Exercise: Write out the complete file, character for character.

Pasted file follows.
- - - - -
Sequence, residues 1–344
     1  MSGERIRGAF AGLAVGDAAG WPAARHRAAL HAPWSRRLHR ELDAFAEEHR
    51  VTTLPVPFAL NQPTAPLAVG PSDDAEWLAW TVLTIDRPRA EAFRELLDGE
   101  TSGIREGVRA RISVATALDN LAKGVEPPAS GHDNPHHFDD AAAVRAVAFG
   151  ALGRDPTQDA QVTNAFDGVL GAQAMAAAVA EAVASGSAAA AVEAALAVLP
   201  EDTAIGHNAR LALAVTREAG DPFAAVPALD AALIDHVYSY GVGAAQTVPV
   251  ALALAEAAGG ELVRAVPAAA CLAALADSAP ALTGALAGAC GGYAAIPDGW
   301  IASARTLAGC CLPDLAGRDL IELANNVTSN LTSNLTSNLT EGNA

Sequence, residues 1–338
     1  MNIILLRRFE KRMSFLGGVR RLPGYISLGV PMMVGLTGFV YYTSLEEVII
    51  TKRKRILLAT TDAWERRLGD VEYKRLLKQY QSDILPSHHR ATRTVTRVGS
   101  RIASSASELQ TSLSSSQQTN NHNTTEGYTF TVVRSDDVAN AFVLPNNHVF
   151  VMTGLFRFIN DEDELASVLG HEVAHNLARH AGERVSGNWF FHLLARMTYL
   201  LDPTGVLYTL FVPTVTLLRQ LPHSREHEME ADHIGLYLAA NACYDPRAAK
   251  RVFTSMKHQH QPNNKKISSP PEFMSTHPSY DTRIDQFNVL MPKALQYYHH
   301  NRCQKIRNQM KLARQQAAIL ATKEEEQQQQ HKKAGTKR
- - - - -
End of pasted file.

Sequence, residues 1–344
     1  MSGERIRGAF AGLAVGDAAG WPAARHRAAL HAPWSRRLHR ELDAFAEEHR
    51  VTTLPVPFAL NQPTAPLAVG PSDDAEWLAW TVLTIDRPRA EAFRELLDGE
   101  TSGIREGVRA RISVATALDN LAKGVEPPAS GHDNPHHFDD AAAVRAVAFG
   151  ALGRDPTQDA QVTNAFDGVL GAQAMAAAVA EAVASGSAAA AVEAALAVLP
   201  EDTAIGHNAR LALAVTREAG DPFAAVPALD AALIDHVYSY GVGAAQTVPV
   251  ALALAEAAGG ELVRAVPAAA CLAALADSAP ALTGALAGAC GGYAAIPDGW
   301  IASARTLAGC CLPDLAGRDL IELANNVTSN LTSNLTSNLT EGNA

Sequence, residues 1–338
     1  MNIILLRRFE KRMSFLGGVR RLPGYISLGV PMMVGLTGFV YYTSLEEVII
    51  TKRKRILLAT TDAWERRLGD VEYKRLLKQY QSDILPSHHR ATRTVTRVGS
   101  RIASSASELQ TSLSSSQQTN NHNTTEGYTF TVVRSDDVAN AFVLPNNHVF
   151  VMTGLFRFIN DEDELASVLG HEVAHNLARH AGERVSGNWF FHLLARMTYL
   201  LDPTGVLYTL FVPTVTLLRQ LPHSREHEME ADHIGLYLAA NACYDPRAAK
   251  RVFTSMKHQH QPNNKKISSP PEFMSTHPSY DTRIDQFNVL MPKALQYYHH
   301  NRCQKIRNQM KLARQQAAIL ATKEEEQQQQ HKKAGTKR